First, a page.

Maurice L. WALLACE, Plaintiff-Appellant, v. John BALDWIN, et al., Defendants-Appellees.
Plaintiff Maurice Wallace was convicted of murder and sentenced to life without parole in 2006. A few months after he entered prison, he assaulted a guard. He has been in solitary confinement (euphemistically called “disciplinary segregation”) ever since—for at least eleven years. He is seriously mentally ill. He also poses challenges to both prison officials and federal courts.
Wallace lodged with the district court a proposed complaint against prison officials and the Illinois Department of Corrections. He alleges that his prolonged isolation exacerbates his mental illness, increases his risk of suicide, and violates his Eighth and Fourteenth Amendment rights. He is unable to pay the civil filing fee in advance, so he also filed a motion for leave to proceed in forma pauperis under 28 U.S.C. § 1915. The district court ruled that Wallace cannot proceed in forma pauperis because he has received three “strikes” under the Prison Litigation Reform Act for frivolous cases and did not qualify for the statutory exception for a prisoner who is “under imminent danger of serious physical injury.” See 28 U.S.C. § 1915(g).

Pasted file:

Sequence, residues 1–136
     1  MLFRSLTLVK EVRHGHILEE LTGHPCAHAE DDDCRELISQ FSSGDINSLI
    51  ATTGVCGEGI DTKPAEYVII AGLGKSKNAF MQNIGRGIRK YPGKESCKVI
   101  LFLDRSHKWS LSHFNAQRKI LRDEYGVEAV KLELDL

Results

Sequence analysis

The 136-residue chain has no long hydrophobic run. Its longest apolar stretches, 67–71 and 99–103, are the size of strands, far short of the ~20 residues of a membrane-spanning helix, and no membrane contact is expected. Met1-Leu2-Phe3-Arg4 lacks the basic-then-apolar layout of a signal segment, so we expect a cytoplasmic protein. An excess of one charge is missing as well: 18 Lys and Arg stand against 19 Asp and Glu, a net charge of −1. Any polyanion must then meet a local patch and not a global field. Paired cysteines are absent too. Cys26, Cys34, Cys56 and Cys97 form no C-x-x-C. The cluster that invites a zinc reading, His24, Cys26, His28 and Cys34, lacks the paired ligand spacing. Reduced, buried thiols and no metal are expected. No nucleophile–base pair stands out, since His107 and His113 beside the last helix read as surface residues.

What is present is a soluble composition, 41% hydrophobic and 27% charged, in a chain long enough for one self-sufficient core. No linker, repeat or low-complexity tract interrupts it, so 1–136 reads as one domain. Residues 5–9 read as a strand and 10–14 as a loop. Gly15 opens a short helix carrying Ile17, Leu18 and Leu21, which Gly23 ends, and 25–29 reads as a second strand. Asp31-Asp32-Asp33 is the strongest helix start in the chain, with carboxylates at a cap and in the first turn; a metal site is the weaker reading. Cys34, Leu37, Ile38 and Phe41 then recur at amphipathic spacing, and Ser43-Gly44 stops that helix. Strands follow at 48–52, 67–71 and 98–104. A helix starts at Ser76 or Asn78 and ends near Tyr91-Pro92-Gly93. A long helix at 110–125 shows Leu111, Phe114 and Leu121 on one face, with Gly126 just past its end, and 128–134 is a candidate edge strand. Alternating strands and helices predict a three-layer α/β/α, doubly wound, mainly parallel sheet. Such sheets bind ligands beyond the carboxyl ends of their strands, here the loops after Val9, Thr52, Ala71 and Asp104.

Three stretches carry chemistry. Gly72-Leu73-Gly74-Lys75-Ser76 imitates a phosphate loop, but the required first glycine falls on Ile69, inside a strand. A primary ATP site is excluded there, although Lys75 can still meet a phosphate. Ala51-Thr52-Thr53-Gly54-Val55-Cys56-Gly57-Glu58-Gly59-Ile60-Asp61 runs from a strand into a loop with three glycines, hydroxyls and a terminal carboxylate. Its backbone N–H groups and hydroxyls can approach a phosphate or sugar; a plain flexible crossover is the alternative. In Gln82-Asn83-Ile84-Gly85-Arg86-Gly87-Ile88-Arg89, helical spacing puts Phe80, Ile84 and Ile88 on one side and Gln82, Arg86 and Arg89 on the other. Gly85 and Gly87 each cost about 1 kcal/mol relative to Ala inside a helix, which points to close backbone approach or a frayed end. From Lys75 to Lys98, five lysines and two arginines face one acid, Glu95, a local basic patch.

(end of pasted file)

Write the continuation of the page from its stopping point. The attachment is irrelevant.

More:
Wallace appeals that denial. He was not allowed to proceed in the district court, and the named defendants have not appeared in either the district court or on appeal. We recruited counsel for Wallace, and they have represented him ably. With better-developed arguments and with the benefit of Sanders v. Melvin, 873 F.3d 957 (7th Cir. 2017), decided after the district court's decision in this case, we conclude that the district court's reasons for denying in forma pauperis status were erroneous. Wallace has alleged sufficiently that he faces imminent danger of serious physical injury. He also has not yet received three “strikes” under the Prison Litigation Reform Act. We vacate the judgment and remand for further proceedings.
The Prison Litigation Reform Act's “three strikes” provision limiting prisoners' civil lawsuits in federal courts is at the center of this appeal:
In no event shall a prisoner bring a civil action or appeal a judgment in a civil action or proceeding under this section if the prisoner has, on 3 or more prior occasions, while incarcerated or detained in any facility, brought an action or appeal in a court of the United States that was dismissed on the grounds that it is frivolous, malicious, or fails to state a claim upon which relief may be granted, unless the prisoner is under imminent danger of serious physical injury.